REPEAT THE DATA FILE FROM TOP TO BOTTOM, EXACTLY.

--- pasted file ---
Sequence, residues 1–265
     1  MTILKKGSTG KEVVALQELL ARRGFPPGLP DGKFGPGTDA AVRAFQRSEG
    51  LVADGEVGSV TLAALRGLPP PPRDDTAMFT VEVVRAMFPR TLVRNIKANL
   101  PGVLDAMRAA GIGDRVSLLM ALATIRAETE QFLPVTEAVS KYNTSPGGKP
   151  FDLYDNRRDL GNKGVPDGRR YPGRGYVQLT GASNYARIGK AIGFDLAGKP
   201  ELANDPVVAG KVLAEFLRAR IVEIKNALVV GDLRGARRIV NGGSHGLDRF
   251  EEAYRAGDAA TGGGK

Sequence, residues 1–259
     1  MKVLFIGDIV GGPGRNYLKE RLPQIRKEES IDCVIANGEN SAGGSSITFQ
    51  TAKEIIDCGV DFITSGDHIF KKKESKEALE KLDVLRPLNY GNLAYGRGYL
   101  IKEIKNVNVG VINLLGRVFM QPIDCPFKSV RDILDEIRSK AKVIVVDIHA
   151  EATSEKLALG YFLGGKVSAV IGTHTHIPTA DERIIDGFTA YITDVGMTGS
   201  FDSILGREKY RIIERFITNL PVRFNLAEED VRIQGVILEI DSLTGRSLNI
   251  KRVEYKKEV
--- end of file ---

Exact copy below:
Sequence, residues 1–265
     1  MTILKKGSTG KEVVALQELL ARRGFPPGLP DGKFGPGTDA AVRAFQRSEG
    51  LVADGEVGSV TLAALRGLPP PPRDDTAMFT VEVVRAMFPR TLVRNIKANL
   101  PGVLDAMRAA GIGDRVSLLM ALATIRAETE QFLPVTEAVS KYNTSPGGKP
   151  FDLYDNRRDL GNKGVPDGRR YPGRGYVQLT GASNYARIGK AIGFDLAGKP
   201  ELANDPVVAG KVLAEFLRAR IVEIKNALVV GDLRGARRIV NGGSHGLDRF
   251  EEAYRAGDAA TGGGK

Sequence, residues 1–259
     1  MKVLFIGDIV GGPGRNYLKE RLPQIRKEES IDCVIANGEN SAGGSSITFQ
    51  TAKEIIDCGV DFITSGDHIF KKKESKEALE KLDVLRPLNY GNLAYGRGYL
   101  IKEIKNVNVG VINLLGRVFM QPIDCPFKSV RDILDEIRSK AKVIVVDIHA
   151  EATSEKLALG YFLGGKVSAV IGTHTHIPTA DERIIDGFTA YITDVGMTGS
   201  FDSILGREKY RIIERFITNL PVRFNLAEED VRIQGVILEI DSLTGRSLNI
   251  KRVEYKKEV